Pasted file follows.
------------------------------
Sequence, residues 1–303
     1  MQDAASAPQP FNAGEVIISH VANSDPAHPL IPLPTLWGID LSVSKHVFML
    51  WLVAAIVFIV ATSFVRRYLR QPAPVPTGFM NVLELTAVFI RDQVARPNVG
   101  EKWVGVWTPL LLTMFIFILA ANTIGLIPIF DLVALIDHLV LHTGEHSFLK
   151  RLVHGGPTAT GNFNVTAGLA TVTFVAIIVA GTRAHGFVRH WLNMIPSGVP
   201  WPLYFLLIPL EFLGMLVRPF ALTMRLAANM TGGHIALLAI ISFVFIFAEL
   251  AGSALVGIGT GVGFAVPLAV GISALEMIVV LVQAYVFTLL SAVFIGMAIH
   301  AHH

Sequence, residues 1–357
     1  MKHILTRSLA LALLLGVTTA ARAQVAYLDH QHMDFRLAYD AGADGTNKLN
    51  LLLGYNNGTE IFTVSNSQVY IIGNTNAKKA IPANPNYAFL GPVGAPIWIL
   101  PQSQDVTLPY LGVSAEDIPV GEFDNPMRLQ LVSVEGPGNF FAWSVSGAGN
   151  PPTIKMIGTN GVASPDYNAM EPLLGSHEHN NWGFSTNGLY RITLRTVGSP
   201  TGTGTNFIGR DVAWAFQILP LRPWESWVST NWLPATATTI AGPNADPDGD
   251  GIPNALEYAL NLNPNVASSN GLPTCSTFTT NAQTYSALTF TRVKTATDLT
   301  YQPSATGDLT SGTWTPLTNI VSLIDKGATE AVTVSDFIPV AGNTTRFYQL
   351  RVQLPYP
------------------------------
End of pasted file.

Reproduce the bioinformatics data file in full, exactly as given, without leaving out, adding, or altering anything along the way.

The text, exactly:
Sequence, residues 1–303
     1  MQDAASAPQP FNAGEVIISH VANSDPAHPL IPLPTLWGID LSVSKHVFML
    51  WLVAAIVFIV ATSFVRRYLR QPAPVPTGFM NVLELTAVFI RDQVARPNVG
   101  EKWVGVWTPL LLTMFIFILA ANTIGLIPIF DLVALIDHLV LHTGEHSFLK
   151  RLVHGGPTAT GNFNVTAGLA TVTFVAIIVA GTRAHGFVRH WLNMIPSGVP
   201  WPLYFLLIPL EFLGMLVRPF ALTMRLAANM TGGHIALLAI ISFVFIFAEL
   251  AGSALVGIGT GVGFAVPLAV GISALEMIVV LVQAYVFTLL SAVFIGMAIH
   301  AHH

Sequence, residues 1–357
     1  MKHILTRSLA LALLLGVTTA ARAQVAYLDH QHMDFRLAYD AGADGTNKLN
    51  LLLGYNNGTE IFTVSNSQVY IIGNTNAKKA IPANPNYAFL GPVGAPIWIL
   101  PQSQDVTLPY LGVSAEDIPV GEFDNPMRLQ LVSVEGPGNF FAWSVSGAGN
   151  PPTIKMIGTN GVASPDYNAM EPLLGSHEHN NWGFSTNGLY RITLRTVGSP
   201  TGTGTNFIGR DVAWAFQILP LRPWESWVST NWLPATATTI AGPNADPDGD
   251  GIPNALEYAL NLNPNVASSN GLPTCSTFTT NAQTYSALTF TRVKTATDLT
   301  YQPSATGDLT SGTWTPLTNI VSLIDKGATE AVTVSDFIPV AGNTTRFYQL
   351  RVQLPYP